Rated: G Reviewed by: Jim Release date: April 11, 2011 Released by: Twentieth Century Fox
Helmer Carlos Saldanha ingratiates family audiences into faraway, exotic land centering on avians this time in the animated and increasingly entertaining rating-amended Rio.
The man behind the Ice Age franchise gets a palatable, witty narrative from Don Rhymer (Surf's Up) that doesn't get too mushy or preachy as the infusion of a game voice cast (led by Anne Hathaway of Alice In Wonderland and Jesse Eisenberg of The Social Network) with verdant variegated sights have a pretty sensible, contemporary south of the equator snap. Yes, considering the demographic, a romp like this has an initial stasis and predictability as it mainly adheres to its genre conventions (often based on casting), while amiably working off of stereotypes.
Eisenberg's cerulean-hued macaw in Blu was taken as a hatchling to the U.S. where raised in Snow Moose Lake by a little girl Linda. Linda (voiced by Leslie Mann) becomes the bespectacled book shop proprietor who's approached by ornithologist Tulio (Rodrigo Santoro) to relocated (the last of his kind) Blu back to his native land. That means the comfortably domesticate feathery fellow going to the titular Brazilian city so he can mate with the remaining female of his species, Hathaway's perky Jewel.
Of course, their bonding is very tenuous at first, mostly because Blu can't get off the ground. The sometimes turbulent storyline hinges on how Blu and (the bird of his dreams) Jewel (tied together at the leg) respond when snatched by smugglers with a crazed, ugly cockatoo Nigel (Jermaine Clement).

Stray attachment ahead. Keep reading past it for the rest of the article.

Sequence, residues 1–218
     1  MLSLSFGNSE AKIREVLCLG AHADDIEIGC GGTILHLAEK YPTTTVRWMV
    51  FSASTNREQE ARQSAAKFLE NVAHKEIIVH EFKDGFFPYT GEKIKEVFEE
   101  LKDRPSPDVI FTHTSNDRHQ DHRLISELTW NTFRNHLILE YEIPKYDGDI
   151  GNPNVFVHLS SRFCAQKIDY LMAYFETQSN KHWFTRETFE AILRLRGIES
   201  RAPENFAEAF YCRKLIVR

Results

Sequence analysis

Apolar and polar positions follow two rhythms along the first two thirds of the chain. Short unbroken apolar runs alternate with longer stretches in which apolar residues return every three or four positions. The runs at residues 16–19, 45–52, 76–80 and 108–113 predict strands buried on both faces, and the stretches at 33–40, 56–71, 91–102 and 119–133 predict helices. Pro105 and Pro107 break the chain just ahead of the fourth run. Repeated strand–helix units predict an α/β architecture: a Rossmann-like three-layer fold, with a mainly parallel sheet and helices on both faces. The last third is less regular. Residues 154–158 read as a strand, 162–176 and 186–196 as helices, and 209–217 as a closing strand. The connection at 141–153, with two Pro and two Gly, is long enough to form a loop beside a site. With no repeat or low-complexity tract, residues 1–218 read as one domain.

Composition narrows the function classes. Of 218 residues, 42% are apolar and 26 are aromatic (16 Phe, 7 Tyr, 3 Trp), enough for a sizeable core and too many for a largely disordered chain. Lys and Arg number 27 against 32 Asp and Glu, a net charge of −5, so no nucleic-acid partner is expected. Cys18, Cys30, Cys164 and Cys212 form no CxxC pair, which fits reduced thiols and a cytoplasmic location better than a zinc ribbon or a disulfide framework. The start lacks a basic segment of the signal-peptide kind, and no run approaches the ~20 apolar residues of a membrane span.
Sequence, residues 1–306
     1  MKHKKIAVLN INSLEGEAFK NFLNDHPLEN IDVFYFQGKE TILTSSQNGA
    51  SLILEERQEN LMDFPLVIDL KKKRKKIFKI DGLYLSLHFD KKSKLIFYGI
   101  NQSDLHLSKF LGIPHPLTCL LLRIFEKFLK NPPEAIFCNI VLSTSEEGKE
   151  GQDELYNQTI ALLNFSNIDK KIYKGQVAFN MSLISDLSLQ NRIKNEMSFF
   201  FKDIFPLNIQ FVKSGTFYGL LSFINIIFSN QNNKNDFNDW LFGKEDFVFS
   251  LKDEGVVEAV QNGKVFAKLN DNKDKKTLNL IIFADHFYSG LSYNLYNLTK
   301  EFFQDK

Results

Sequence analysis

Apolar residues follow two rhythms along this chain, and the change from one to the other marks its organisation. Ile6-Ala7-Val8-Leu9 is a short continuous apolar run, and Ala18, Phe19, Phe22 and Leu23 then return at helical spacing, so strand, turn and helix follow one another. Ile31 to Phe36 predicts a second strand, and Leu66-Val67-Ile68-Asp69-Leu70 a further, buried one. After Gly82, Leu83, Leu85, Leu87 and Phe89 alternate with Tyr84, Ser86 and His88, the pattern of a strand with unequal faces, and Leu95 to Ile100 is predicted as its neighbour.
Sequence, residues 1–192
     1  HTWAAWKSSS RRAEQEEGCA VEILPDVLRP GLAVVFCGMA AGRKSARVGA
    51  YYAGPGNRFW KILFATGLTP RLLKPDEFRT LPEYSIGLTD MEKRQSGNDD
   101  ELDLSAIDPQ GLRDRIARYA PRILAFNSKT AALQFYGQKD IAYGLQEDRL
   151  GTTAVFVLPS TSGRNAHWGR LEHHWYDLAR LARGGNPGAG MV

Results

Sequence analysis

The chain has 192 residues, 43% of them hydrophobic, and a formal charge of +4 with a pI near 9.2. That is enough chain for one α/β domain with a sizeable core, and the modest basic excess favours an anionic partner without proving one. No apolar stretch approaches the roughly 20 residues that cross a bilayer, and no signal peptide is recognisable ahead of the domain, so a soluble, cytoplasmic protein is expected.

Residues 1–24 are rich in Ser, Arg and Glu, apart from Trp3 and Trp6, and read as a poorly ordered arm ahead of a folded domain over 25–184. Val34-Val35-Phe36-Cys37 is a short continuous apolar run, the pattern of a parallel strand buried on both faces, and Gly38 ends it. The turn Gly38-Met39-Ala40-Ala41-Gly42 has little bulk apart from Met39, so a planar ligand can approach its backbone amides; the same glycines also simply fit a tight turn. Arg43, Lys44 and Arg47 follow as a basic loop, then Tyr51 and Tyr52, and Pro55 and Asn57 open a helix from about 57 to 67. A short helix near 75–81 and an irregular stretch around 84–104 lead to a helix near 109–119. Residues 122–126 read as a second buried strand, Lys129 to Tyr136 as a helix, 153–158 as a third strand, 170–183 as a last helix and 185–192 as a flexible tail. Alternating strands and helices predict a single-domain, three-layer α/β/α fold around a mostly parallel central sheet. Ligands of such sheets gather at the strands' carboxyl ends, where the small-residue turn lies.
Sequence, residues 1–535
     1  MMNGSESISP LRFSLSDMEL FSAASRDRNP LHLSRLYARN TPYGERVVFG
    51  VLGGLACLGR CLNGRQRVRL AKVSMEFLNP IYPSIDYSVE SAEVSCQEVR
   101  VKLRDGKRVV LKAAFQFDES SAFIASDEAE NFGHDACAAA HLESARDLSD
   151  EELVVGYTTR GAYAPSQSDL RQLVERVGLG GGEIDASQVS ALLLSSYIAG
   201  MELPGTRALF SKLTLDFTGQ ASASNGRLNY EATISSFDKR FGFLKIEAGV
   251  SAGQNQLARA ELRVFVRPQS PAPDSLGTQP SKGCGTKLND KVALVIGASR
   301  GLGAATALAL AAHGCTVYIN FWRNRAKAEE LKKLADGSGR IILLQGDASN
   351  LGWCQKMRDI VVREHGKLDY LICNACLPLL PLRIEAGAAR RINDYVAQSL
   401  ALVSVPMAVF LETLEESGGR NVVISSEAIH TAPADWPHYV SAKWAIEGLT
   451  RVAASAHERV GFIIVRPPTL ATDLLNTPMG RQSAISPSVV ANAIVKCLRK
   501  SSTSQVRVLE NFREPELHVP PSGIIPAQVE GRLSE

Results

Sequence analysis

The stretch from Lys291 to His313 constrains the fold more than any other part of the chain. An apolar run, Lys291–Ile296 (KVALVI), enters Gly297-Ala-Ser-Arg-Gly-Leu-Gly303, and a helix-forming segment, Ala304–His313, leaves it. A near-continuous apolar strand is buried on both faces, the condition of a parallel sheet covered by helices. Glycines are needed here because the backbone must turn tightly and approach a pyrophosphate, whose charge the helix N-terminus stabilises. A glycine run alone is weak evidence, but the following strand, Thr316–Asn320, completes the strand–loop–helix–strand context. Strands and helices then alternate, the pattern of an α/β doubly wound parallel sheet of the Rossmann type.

Being in the presence of these characters and placed in elaborate settings that include a beach, a rainforest, and a slum (or favela as some viewers might recall City of God) is advantageous in what has little downtime. A little romance and adventure is helped especially by the comedic, wry presence of locals like cardinal Pedro (a rappin' Will.i.am), romantically-inclined toucan Rafael (George Lopez), and friendly canary Nico (Jamie Foxx), as well as Tracy Morgan's likably chatty Lutz.
Saldanha again skillfully works with his animators and production crew to establish a disarming, mischievous atmosphere as the proceedings lead to the climactic Carnival. There's attitude to burn as the city (and the passion of its denizens) is zestfully captured amid all the zany action and striking aerial scenes. The palette itself is enhanced by a strong depth-of-perspective (even if the popular 3D format still renders some images too dimly). Particular mention should be made to stereoscopic supervisor Jayme Wilkinson who does well with the colors and characters even if their design (in the case of Blu and Jewel may be hampered to a degree).
Still, there's plenty of enjoyment to be had in what may be even slicker in the editing department than the best of Ice Age. A catchy South American rhythm really elevates what is funny and, later, somewhat moving. The vocal turns are mostly pitch-perfect as Eisenberg's mechanically neurotic quality fits well (in a courtship) with a well-seasoned Hathaway. And, there's Jake T. Austin doing a street urchin when Clement isn't hilariously chewing the scenery as the nasty Nigel or monkeys causing havoc.
Rio is fresh and frenetic enough to keep youngsters from fidgeting and canny and definitely bearable and sparkling enough for their older counterparts, a delightful 'walk-on-the-wild-side' diversion that makes its namesake rich with life.